Teaching Toddlers Good Food Habits

Toddlers don't need to gain much weight from age 1 to 3, and therefore don't need to eat very much. Your toddler may become a picky eater, and you may worry that he or she is not eating enough. Remember, this is a normal, healthy response to your child's decreased energy needs.

However, toddlers continue to learn many new things during mealtimes: how to hold utensils and cups and feed themselves, the taste and texture of new foods and how to decide when they are hungry or full.

As the parent, you are only responsible for deciding which foods to offer your child. Your child should be allowed to decide what to eat, how much — and even whether or not to eat. Mealtimes should be enjoyable for everyone. Do not force a child to eat or to try a food he or she is refusing.

Introducing New Foods

  • Take advantage of the fact that 1-year-olds enjoy putting everything in their mouths. Use this year to offer many new, varied foods. By age 2, most children are reluctant to try new foods.
  • Serve foods with a variety of colors, textures, flavors and temperatures. This helps provide good nutrition.
  • When introducing a new food, offer only a small amount the first time.
  • Do not give your toddler foods that are too hard, tough or sticky.
  • Be careful when adding seasonings. It is rarely necessary to add salt.
  • Avoid sweets such as candies and cookies, as they may dull the appetite for more nutritious food.

Making Mealtimes Pleasant

  • Provide a pleasant mealtime atmosphere. Try to avoid disciplining your child during meals.
  • Use plastic or other non-breakable dishes and utensils.
  • Adjust the seat so your toddler can easily reach his or her plate.
  • Expect your toddler to be messy. You can place a plastic sheet underneath the table to help with clean-up.
  • Limit distractions at mealtime, and turn off the TV.

Developing Healthy Attitudes

  • Don't force your child to eat food he or she truly dislikes.
  • Offer small amounts of food at a time. Large amounts of food on the plate may discourage your toddler from trying new foods.
  • Don't offer rewards for eating. Toddlers should eat because they enjoy it and are hungry.
  • Don't discuss your family's food likes and dislikes in front of your toddler. Let children decide for themselves what they like.
  • Encourage your toddler to eat meals with the family.
  • Eat a variety of healthy foods and demonstrate good table manners — toddlers learn by imitating parents.
  • Allow your toddler to feed him or herself as much as possible.
  • Encourage outdoor activities. Your child will have a better appetite, and will also use calcium better to make stronger bones.

Nutrition

Calories

Children regulate their food intake and eat the amount of calories they need, if the parent offers healthy foods. You do not need to count calories to know your child is eating properly.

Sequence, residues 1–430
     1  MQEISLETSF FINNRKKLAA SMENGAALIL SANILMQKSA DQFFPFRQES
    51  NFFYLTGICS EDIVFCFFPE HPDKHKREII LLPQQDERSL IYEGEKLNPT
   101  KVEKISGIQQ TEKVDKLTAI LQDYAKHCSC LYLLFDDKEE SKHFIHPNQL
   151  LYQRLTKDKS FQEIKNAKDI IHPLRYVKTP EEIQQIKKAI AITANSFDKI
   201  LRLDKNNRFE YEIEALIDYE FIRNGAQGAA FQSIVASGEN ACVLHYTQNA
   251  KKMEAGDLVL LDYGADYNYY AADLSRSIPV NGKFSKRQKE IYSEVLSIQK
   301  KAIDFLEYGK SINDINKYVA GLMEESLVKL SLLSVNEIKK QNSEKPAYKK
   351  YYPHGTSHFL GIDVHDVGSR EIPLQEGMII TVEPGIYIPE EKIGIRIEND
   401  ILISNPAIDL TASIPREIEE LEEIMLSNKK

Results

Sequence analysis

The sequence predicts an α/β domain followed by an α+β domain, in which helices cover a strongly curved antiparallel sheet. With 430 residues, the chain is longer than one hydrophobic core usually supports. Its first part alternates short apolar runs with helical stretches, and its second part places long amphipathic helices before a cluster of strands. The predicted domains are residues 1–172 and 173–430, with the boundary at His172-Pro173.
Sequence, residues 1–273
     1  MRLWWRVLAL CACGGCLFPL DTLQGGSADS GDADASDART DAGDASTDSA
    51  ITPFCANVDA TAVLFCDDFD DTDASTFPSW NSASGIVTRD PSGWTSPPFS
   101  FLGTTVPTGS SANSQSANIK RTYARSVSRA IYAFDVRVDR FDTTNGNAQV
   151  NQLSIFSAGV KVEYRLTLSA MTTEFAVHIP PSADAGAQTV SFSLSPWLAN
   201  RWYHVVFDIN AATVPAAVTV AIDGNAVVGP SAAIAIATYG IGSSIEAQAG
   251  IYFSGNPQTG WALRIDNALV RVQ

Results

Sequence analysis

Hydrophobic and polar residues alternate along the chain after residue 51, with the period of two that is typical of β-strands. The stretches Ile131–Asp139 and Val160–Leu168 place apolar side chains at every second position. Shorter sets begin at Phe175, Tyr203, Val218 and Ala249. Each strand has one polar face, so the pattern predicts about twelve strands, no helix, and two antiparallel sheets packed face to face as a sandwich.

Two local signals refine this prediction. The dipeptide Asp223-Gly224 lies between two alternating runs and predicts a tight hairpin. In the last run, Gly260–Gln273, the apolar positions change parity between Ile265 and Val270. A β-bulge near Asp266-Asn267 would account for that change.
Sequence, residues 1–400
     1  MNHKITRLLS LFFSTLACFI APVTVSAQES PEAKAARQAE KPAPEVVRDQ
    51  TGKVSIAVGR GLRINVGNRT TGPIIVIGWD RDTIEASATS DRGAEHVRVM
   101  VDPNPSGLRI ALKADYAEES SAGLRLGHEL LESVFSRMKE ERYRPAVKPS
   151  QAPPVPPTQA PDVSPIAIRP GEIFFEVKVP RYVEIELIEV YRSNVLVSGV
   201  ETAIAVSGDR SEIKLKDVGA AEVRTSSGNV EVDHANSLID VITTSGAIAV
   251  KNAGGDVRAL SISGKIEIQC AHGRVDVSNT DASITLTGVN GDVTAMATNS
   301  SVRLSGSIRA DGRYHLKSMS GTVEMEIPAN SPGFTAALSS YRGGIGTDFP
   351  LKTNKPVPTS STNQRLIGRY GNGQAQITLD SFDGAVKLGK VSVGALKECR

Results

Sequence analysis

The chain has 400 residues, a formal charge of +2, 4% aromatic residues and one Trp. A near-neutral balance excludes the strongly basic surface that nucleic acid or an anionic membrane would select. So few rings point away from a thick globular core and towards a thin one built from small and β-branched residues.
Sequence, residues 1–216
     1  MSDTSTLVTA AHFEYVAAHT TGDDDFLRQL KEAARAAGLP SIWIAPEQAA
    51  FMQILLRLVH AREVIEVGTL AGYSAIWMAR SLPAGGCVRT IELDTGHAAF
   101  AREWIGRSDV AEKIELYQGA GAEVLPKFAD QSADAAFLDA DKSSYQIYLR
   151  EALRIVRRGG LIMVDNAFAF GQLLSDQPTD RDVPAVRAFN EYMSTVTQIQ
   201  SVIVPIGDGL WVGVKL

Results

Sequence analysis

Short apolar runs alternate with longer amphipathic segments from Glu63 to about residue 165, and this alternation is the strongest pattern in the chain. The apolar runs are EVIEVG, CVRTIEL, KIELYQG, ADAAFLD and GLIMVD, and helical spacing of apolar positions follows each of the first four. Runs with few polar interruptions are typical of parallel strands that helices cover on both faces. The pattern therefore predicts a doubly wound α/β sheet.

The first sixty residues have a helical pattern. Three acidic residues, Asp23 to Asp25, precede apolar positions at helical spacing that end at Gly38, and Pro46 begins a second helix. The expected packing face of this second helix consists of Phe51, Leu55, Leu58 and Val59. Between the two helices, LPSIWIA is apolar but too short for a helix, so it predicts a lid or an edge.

Toddlers can get the nutrients and calories they need from a vegetarian diet, but it requires careful attention to the types of foods you provide, and it's usually best to supplement with a vitamin. Please talk to your child's doctor if you choose to feed your toddler a vegan diet. Dairy products and eggs can help provide needed protein and calcium.

Fat

Children's brains continue to grow during the second and third years of life. Since fat helps nerves develop, do not limit the amount of fat in your child's diet. After age 3, it is appropriate to limit your child's fat intake.

Iron

Toddlers often become iron deficient and anemic. Iron is extremely important for brain development, and toddlers who are iron deficient may have more difficulty learning.

The best sources of iron are found in red meat, and this form of iron is more easily absorbed by the body. Iron-fortified infant cereal is also a great iron source. If you can, add infant cereal to your toddler's foods — for instance, mixing the cereal into yogurt — for as long as possible. Small amounts of iron are also found in eggs, spinach, fortified breads, beans and sardines.

Calcium

Dairy products (cheese, cottage cheese, milk, yogurt) and eggs are the best sources of calcium. Calcium-fortified orange juice, broccoli, sardines and tofu also contain calcium. Your child needs about 500 mg of calcium a day.

Juice and Milk

Your child should not drink more than 4 ounces of juice a day. During the second year of life, toddlers don't need to drink milk. However, they do need some of the nutrients that milk provides, including protein, calcium and fat. These nutrients can be obtained from other foods.

Toddlers who drink milk should drink whole milk. Try to limit your child to about 12 to 16 ounces a day, so he or she will be hungry for other, more nutritious foods. At age 2, your child can switch to low-fat milk. Nursing toddlers don't need additional milk.

Vitamin Supplements

Toddlers' diets are nearly always lacking in iron, calcium, zinc and vitamins. Consider giving your child a chewable multivitamin with iron as soon as he or she can chew one. Other sources of these vitamins and minerals include toddler formulas, Carnation Instant Breakfast and liquid vitamins. Please talk with your child's pediatrician about choosing a supplement for your child.

 

Reviewed by health care specialists at UCSF Benioff Children's Hospital.

This information is for educational purposes only and is not intended to replace the advice of your doctor or health care provider. We encourage you to discuss with your doctor any questions or concerns you may have.